Google Passkey Introduction
Recently, Google announced the launch of an initial Google Passkey test for its Android and Chrome browsers. The current first phase of the test is designed to give developers access to the technology through the use of Google Play Services Beta and Chrome Canary, and allow them to add support for the feature to their websites and apps.
Google said it hopes to roll out support for the feature to the stable channel later this year when more developers can incorporate the technology into their products.
Passkey passkeys are said to be an alternative form of password designed to provide a more secure and faster password-free login experience for a variety of websites and apps. Unlike passwords, Passkey is a standards-based technology. It is resistant to phishing, always has excellent security, and is designed to avoid the sharing of secrets.
Passkeys are a significantly safer replacement for passwords and other phishable authentication factors. They cannot be reused, don’t leak in server breaches, and protect users from phishing attacks. Passkeys are built on industry standards and work across different operating systems and browser ecosystems, and can be used for both websites and apps.– Google.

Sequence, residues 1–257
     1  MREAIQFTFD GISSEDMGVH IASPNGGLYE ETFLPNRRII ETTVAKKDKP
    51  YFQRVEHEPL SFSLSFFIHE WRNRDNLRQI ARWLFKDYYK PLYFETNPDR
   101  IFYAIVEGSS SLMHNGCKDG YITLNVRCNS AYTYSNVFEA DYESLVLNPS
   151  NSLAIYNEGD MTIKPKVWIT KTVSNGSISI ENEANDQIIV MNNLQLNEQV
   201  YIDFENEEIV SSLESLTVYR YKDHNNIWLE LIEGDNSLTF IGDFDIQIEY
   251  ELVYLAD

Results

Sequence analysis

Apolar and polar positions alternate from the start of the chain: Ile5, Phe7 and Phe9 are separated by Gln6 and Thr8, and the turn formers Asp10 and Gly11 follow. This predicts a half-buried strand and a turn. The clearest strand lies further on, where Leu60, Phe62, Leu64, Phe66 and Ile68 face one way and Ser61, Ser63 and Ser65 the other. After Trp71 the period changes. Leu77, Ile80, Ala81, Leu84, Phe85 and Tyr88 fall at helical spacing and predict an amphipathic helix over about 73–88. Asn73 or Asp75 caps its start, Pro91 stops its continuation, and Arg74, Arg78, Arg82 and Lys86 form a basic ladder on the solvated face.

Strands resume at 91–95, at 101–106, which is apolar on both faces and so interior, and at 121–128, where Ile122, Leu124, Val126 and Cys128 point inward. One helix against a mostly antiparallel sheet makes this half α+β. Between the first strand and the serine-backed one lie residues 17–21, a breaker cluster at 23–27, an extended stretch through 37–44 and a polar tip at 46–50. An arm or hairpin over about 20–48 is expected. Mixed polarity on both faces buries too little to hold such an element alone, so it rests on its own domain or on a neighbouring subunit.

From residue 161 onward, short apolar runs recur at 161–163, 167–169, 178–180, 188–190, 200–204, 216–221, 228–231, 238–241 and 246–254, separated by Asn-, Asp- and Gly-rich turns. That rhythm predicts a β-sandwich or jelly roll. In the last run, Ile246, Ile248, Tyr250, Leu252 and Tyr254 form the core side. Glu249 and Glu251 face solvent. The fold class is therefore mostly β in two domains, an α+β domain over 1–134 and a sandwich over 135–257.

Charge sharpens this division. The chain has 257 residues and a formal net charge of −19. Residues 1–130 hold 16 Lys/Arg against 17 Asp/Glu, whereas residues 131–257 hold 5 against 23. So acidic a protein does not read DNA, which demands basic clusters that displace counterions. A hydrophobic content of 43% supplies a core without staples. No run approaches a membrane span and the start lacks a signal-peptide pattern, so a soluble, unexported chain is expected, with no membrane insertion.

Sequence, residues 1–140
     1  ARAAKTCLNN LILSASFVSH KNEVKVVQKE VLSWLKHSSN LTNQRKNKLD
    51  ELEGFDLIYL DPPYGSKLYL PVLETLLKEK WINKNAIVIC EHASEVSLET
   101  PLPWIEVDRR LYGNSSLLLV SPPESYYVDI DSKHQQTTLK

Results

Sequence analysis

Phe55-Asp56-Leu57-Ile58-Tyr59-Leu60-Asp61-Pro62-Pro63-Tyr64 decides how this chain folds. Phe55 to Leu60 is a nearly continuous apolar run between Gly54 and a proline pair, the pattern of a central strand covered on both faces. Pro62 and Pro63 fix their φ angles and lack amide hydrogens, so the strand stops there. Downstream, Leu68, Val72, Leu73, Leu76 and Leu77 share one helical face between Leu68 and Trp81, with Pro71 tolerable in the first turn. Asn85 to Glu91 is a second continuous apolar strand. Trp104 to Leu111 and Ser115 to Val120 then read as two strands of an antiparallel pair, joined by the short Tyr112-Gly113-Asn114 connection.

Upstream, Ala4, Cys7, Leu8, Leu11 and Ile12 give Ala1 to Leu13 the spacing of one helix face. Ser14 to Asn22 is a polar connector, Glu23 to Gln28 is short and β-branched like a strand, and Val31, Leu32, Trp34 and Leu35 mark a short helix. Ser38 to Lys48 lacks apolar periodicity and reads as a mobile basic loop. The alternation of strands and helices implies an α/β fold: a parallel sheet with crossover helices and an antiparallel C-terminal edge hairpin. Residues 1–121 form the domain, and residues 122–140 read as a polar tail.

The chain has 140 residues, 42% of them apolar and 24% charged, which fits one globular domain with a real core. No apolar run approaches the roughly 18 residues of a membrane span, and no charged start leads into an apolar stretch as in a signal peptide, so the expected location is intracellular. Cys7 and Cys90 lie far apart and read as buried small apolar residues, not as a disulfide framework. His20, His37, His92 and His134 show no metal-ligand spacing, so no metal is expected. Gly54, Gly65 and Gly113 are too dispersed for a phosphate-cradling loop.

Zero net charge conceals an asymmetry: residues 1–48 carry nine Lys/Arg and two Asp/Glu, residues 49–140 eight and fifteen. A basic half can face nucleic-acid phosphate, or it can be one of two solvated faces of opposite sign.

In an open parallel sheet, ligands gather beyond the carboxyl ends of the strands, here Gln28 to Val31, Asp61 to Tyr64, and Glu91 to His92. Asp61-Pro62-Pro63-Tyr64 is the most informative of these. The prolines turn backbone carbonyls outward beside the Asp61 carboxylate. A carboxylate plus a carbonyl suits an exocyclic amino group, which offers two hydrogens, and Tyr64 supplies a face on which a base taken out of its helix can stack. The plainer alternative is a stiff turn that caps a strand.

The current Passkey interface is similar to the autofill interface that Chrome mobile users are already familiar with. Using Passkey is as simple as selecting the account to log into, and then using the user’s fingerprint, face, or screen lock to gain access.
Users can also sign in from a nearby device using the password on their phone if they wish. To log in to the site from a computer, a QR code can be provided and scanned with the phone to grant access.
The next milestone for the Google Passkey is to bring API support to native Android applications. Developers who build support into their apps will allow users to choose to sign in using Google Passkey or a password. As Passkey becomes more popular, there will be less need to create and remember passwords, which could lead to fewer account hacks.